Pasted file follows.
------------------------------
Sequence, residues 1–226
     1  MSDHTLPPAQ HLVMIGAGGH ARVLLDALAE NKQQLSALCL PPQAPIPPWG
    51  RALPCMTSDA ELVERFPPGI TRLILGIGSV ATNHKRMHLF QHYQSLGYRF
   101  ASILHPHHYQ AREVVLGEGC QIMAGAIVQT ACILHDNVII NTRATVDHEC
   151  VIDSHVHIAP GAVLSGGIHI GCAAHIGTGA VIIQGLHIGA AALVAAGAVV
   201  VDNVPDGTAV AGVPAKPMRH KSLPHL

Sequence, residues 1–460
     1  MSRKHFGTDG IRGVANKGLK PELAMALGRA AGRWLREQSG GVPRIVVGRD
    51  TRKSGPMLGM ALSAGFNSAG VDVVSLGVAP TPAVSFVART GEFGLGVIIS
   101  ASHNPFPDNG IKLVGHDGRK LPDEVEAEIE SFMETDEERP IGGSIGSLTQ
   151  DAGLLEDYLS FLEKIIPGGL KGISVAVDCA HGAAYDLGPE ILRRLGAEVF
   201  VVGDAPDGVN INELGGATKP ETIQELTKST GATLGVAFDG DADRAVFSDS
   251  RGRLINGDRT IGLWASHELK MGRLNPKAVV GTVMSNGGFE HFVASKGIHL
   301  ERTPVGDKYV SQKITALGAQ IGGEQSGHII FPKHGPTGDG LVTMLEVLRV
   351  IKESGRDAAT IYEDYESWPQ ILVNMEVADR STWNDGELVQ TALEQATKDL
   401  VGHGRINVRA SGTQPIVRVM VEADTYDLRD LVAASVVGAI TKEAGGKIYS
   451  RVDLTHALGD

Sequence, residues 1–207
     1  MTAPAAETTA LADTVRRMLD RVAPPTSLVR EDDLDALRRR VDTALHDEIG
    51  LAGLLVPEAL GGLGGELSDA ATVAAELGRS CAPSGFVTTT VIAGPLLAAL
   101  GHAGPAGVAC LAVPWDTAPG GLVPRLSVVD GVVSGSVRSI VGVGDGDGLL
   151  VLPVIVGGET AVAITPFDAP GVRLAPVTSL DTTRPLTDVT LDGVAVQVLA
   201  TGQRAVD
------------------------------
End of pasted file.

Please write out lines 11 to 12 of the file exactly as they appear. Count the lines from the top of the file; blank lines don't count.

   151  DAGLLEDYLS FLEKIIPGGL KGISVAVDCA HGAAYDLGPE ILRRLGAEVF
   201  VVGDAPDGVN INELGGATKP ETIQELTKST GATLGVAFDG DADRAVFSDS